Today Skymark made it official. As the Airbus PR states:
“Skymark Airlines, Japan’s third largest and fast growing airline, signed a contract for four A380s with Airbus, firming up a Memorandum of Understanding announced in November 2010.
The contract was signed on Thursday, 17th February, during a ceremony held at Airbus‘ headquarters in Toulouse, France, in the presence of Skymark Airlines President, Shinichi Nishikubo, Airbus President and CEO, Tom Enders, and Airbus Chief Operating Officer Customers, John Leahy, together with Airbus Japan CEO, Stephane Ginoux.
At the signing ceremony Shinichi Nishikubo said, “We believe that the A380, the world’s most cost-efficient, modern and environmentally friendly aircraft with cutting-edge technologies, will provide us with a strong competitive advantage and safe operation. We will become the very first Japanese airline to offer our passengers a unique and new experience of flying – more space, more comfort and a quieter cabin. With the four-engined A380, we are free from ETOPS constraints and can provide flexible operations.”
This is an awesome move. Skymark is an LCC. It has a fleet of 18 737-800s with another 7 on order. We are talking a simple trunk operation in Japan as the map demonstrates. Imagine a small airline like this going from 737s to A380s?
There are a few people who remember what happened to America West when it took delivery of four ex-KLM 747s in 1989. A smallish domestic LCC decided it wanted to become an international carrier and it won service to Japan in a route case. The success was short lived. The 747 operation was much more complex than the airline realized and the costs were astronomical compared to what it was used to. The 747s were gone in a trip into Chapter 11 in 1991.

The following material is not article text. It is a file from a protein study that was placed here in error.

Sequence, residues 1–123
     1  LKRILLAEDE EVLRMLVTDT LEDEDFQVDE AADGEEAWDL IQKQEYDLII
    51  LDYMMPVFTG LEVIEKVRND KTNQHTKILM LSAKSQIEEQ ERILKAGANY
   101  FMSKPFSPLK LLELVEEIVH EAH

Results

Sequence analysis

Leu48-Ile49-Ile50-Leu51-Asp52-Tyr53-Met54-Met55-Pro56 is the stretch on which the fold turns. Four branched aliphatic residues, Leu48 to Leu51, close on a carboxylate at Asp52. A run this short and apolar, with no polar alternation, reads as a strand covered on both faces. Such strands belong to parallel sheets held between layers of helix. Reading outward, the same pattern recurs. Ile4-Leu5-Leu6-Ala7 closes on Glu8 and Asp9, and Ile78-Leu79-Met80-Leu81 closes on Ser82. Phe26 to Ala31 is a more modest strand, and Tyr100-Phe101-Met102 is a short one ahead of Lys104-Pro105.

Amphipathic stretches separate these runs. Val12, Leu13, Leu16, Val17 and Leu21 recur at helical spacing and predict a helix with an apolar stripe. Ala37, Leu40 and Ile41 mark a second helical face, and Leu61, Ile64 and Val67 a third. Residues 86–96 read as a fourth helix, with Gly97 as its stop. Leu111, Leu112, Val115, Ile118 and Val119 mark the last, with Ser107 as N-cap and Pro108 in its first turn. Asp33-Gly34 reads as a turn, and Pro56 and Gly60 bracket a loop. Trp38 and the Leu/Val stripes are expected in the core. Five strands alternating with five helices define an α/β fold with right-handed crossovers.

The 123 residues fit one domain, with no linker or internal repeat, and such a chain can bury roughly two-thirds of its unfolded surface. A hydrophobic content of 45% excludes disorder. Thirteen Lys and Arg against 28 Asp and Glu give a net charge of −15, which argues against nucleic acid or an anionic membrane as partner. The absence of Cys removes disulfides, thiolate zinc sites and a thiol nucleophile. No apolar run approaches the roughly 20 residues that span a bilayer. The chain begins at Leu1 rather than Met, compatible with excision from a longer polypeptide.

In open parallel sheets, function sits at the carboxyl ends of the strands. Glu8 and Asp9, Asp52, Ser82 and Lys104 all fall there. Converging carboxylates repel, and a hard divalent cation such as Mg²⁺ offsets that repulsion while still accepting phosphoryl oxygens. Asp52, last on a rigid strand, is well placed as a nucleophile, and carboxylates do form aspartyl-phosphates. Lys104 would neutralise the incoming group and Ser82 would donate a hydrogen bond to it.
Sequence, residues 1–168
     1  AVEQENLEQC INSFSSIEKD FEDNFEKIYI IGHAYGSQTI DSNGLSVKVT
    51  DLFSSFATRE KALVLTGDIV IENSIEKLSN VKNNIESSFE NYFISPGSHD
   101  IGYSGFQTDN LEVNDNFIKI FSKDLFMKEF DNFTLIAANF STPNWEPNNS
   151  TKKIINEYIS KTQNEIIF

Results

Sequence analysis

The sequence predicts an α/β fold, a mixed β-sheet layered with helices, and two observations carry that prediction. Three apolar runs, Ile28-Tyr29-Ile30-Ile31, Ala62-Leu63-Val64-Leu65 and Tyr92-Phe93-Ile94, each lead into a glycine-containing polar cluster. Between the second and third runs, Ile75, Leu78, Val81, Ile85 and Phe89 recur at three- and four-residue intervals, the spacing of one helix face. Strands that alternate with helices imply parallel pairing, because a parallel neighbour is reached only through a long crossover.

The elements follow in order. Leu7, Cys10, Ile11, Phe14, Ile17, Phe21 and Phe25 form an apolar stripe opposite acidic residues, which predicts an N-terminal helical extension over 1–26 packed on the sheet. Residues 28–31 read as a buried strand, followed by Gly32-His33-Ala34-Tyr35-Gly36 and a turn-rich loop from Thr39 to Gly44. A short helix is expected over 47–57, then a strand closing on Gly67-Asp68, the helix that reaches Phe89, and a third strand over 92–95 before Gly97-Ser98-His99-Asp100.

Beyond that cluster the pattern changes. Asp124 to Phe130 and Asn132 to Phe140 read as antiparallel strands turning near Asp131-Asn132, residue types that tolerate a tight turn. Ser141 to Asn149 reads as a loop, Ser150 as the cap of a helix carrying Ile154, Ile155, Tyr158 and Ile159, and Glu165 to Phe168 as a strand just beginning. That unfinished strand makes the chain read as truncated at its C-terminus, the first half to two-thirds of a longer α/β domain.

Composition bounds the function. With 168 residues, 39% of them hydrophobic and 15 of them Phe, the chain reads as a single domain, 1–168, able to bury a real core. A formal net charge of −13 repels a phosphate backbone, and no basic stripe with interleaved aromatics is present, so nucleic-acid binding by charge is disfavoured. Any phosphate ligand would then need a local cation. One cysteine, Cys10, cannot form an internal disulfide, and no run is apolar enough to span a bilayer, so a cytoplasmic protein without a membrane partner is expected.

As they say, beware of what you wish for. Success as an LCC do not automatically qualify you for success on a bigger scale. Even if Japan has seen a much weakened JAL, it is clear the state is not ready to let that company sink. Like other nations, Japan’s airline business suffers political interference.
We would suggest that Skymark’s A380 is a huge bite – think eyes too big for stomach.
Current airlines serving this market will not simply rollover. EU airlines have been going through an aggressive learning curve dealing with Gulf-based airlines. They will be ready to react to the Japanese upstart. Alliances will circle to protect traffic. EU airlines know all to well how disruptive an A380 can be in the hands of a competitor.
So the combination of massive increase in complexity by bringing on A380s and the reaction of competitors will ensure Skymark’s managers lose a lot of sleep when deliveries start. That a Japanese owned A380 will be disruptive there is no doubt. But the disruption might not be helpful to anyone. Certainly one cannot expect ANA and JAL to sit idly by. Skymark will also be looking at markets in Australia, Canad and the US. All are well established routes with entrenched competitors. Whichever way Skymark looks it will face experienced and tough competitors.
The planned Skymark A38os will be two class, 114 business class and 280 coach seats. An A380 with under 400 seats? That is comfortable and most un-LCC like. So this perhaps indicates a change of LCC-think, too. There are numerous questions that emerge with this news.